The only factory in Greece that produced enamel kitchen tools functioned between 1927 and 1957 and is located in Korissia, Kea.
The Enamel Factory was very important for the economy and social life of the island during that time.
Ioannis Gleoudis was its founder, and the workers were mainly refugees from Asia Minor.
At first, it produced signs for public and private use and household utensils. However, in 1936, the state ordered the production of military canteens. After that, the factory expanded to the war industry and started producing manufacturing mortars as well. That was the period when the factory reached its peak; it began exporting products to the Balkans and the Middle East and had 300 workers in its employ.
Because of this successful business, Kea experienced economic growth until 1957, when its financial manager Athanasios Konstas died. His death, along with financial problems, resulted in the permanent closure of the factory.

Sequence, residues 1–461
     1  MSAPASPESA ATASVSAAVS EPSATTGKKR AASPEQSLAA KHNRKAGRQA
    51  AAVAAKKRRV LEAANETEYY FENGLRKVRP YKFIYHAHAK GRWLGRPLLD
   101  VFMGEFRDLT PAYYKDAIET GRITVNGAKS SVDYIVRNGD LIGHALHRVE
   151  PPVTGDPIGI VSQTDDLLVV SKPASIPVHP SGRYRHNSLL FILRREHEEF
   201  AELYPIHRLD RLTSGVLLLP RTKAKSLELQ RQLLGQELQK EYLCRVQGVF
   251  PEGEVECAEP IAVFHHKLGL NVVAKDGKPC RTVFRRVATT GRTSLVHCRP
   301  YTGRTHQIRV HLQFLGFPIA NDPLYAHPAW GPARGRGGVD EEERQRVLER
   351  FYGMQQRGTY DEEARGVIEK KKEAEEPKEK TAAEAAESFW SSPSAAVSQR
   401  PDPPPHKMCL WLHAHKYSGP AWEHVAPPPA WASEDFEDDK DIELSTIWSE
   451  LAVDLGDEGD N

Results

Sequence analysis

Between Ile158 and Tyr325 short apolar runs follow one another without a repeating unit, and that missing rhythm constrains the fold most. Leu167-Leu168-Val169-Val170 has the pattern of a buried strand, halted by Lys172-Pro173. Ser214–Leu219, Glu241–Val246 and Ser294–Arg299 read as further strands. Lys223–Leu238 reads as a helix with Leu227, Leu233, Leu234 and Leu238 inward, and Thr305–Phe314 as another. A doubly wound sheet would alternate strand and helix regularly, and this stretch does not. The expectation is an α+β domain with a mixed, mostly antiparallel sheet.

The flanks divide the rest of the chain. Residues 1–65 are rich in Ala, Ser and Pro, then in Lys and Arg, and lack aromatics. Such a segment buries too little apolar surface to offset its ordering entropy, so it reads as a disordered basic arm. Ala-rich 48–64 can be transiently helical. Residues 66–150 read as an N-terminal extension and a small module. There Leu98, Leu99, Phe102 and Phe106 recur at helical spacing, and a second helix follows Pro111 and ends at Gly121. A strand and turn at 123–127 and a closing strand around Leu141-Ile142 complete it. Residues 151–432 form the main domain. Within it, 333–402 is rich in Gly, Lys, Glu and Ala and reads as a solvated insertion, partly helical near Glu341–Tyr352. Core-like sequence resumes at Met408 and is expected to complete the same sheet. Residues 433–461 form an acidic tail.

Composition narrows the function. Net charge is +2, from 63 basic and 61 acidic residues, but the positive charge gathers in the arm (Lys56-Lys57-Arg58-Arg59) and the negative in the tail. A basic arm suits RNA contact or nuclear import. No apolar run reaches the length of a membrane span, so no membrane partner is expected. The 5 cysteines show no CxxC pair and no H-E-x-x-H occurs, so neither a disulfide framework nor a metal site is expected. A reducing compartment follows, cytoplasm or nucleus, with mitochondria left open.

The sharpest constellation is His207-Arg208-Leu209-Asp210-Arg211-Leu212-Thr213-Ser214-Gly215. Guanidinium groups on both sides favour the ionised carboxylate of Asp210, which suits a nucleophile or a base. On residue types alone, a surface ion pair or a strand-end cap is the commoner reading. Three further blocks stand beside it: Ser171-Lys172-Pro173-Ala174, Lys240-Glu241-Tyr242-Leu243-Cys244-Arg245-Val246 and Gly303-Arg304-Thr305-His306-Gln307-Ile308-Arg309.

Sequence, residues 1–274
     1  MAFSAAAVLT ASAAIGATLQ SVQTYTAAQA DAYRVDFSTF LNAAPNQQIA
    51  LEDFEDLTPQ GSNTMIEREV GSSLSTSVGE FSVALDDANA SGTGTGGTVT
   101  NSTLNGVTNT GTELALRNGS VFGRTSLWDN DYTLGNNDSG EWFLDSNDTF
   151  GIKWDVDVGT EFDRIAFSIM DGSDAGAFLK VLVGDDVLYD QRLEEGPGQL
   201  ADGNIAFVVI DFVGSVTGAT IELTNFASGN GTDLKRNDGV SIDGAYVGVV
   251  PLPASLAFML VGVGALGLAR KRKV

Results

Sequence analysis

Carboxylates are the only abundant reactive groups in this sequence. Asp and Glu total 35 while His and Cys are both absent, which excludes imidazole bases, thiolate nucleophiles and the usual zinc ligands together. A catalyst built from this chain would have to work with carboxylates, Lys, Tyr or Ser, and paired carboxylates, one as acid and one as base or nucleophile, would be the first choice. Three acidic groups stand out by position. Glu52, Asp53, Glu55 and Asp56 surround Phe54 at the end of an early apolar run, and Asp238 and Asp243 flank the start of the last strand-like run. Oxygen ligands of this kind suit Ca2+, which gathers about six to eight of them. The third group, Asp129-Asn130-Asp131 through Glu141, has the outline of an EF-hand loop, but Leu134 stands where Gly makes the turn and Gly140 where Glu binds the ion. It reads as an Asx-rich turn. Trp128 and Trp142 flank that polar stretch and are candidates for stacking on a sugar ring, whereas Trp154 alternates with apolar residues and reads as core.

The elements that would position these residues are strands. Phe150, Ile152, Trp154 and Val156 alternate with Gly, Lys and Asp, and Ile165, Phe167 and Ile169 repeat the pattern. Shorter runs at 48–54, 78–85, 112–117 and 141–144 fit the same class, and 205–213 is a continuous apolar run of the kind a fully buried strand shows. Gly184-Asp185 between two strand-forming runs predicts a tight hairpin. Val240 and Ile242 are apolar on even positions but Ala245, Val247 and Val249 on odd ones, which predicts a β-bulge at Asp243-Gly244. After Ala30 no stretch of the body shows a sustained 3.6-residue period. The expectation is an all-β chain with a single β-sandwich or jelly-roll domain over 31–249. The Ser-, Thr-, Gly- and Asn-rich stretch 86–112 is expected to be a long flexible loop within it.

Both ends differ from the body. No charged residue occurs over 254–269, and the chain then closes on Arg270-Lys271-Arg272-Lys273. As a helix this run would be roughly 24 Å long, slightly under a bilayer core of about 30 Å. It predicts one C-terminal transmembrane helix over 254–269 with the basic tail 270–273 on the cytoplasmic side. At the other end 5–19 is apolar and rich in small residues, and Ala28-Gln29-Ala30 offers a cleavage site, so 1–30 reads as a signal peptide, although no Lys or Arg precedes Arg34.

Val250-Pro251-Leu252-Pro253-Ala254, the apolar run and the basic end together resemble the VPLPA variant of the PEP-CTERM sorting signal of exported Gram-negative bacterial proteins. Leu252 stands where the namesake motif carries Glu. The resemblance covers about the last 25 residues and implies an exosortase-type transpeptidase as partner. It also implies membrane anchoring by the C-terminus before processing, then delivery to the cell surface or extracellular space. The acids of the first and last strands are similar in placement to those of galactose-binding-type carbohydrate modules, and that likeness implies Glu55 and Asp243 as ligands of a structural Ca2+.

In 2002, craftsmen who previously worked in the Enamel Factory and owned numerous molds, utensils, machines, and other items, took the initiative of creating the Association of Friends of the Enamel Factory of Kea.
The members managed to gather machinery from the factory that had been sold to other establishments in Attica.
Today, the equipment and objects are exhibited in a municipal area, not far from the factory.
The association’s long-range goal is the creation of an Industrial Museum that will host all former machines of the Enamel factory.